Colusa County









            Along the legitimate lines of business Mr. Peart has won creditable success and is today the leading merchant of Colusa.  He was born at Cook Cove, Guysboro County, Nova Scotia, on the 9th of November, 1848, and is a son of John William and Philo Ann (Cook) Peart.  On the paternal side his ancestry can be traced back to Godfrey Peart, who died on the 9th of November, 1868, at the age of seventy-nine years.  Godfrey Peart, the grandfather, married Mary Ann Lavinia Cribbin, whose death occurred May 10, 1869, when she had reached the age of seventy-seven years.  John W. Peart, the father of our subject, was born in Guysboro, Nova Scotia, on the 23rd of May, 1817, and died August 29, 1886, at the age of sixty-nine years.  He was a farmer and trader.  His wife was born at Guysboro, in 1812, and died in Colusa, California, June 16, 1895, at the age of eighty-three years.  She was a daughter of Elias C. and Anne (Horton) Cook, the former born December 16, 1788, the latter April 23, 1794.  The grandfather died August 28, 1870, at the age of eighty-two years, and his wife passed away December 11, 1894, when more than one hundred years of age.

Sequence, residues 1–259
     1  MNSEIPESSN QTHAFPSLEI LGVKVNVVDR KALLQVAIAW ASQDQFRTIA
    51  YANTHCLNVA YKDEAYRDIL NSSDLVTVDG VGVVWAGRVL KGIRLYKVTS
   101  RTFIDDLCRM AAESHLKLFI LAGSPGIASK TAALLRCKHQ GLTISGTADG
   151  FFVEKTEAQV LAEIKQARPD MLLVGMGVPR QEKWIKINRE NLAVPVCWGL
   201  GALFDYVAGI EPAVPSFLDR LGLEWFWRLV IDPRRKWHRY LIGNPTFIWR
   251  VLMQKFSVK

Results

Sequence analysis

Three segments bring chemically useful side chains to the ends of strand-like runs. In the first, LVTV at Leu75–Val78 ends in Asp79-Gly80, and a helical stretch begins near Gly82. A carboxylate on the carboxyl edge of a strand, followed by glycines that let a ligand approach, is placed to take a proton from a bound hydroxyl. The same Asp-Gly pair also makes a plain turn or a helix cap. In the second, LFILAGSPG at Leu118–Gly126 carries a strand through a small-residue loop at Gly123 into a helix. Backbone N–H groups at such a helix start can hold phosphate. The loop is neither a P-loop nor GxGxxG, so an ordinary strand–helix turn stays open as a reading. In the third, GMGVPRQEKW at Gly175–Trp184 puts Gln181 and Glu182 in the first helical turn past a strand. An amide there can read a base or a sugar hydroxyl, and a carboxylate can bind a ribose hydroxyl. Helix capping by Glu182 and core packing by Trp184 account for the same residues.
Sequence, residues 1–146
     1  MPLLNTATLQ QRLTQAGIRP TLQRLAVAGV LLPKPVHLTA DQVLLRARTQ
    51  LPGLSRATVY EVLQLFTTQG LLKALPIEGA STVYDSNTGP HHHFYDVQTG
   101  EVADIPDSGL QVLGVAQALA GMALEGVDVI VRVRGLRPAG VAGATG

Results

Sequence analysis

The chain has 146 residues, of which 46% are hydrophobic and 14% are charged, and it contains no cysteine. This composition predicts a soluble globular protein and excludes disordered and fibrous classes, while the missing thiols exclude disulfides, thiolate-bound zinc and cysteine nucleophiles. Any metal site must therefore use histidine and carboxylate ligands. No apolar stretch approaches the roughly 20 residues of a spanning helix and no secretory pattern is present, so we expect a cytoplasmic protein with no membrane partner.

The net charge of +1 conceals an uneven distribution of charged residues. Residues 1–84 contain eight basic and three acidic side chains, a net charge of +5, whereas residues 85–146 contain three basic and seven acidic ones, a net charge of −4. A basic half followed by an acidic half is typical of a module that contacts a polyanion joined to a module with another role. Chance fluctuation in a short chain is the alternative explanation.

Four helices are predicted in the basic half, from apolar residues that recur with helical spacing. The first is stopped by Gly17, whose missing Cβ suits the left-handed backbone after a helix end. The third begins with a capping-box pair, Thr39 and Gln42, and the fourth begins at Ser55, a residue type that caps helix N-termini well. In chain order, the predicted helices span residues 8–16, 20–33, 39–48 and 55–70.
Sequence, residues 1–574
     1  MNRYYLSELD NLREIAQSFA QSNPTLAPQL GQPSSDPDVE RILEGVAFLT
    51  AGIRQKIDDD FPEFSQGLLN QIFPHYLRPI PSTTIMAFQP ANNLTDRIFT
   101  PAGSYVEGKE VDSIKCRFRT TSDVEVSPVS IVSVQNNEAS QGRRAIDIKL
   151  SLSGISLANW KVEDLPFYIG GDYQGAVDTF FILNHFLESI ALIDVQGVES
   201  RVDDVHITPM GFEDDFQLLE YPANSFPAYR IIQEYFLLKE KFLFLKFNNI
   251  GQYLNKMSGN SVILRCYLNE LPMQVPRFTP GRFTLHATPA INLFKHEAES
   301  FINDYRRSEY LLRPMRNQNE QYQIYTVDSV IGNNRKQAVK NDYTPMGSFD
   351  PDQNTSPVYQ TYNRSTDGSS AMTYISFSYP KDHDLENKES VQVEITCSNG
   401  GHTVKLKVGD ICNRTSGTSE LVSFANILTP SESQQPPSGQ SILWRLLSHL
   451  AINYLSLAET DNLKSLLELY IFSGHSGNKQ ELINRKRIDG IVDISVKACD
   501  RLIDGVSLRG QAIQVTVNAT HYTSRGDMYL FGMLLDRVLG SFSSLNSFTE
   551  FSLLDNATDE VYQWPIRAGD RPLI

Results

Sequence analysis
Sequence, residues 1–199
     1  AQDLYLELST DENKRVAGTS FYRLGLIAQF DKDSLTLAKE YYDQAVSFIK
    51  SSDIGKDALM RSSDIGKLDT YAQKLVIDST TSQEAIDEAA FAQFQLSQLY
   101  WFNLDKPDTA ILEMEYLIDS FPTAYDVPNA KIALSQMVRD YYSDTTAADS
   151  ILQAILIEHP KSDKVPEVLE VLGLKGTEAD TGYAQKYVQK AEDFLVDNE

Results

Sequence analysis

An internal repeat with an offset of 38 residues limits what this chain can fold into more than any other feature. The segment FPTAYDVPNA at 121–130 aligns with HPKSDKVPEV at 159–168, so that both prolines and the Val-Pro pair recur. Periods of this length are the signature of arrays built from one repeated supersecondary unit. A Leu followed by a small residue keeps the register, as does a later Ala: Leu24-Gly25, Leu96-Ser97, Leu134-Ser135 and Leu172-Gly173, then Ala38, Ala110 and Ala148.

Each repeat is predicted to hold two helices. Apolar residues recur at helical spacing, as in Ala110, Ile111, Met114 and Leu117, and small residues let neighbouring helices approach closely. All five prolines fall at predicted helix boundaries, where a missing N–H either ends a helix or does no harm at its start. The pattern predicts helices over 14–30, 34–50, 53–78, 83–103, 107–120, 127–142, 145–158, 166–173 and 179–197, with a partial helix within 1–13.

Elias Cook Peart attended the public schools during the winter season and throughout the remainer of the year assisted in the work of the home farm, taking a man’s place from the age of thirteen years.  In 1868 he emigrated to California, by way of the water route from New York and across the Isthmus of Panama.  He arrived in San Francisco the day before the great earthquake.  In November of the same year he secured employment in a small store at Knight’s Landing, where he remained until the spring of 1869, when he went to Grand Island, Colusa County, and since that time he has been a resident of the county which he regards as the most favorable spot in all the land.  In this opinion he certainly cannot be far wrong, for nature has made this a very desirable location with its rich farming country well watered by good streams.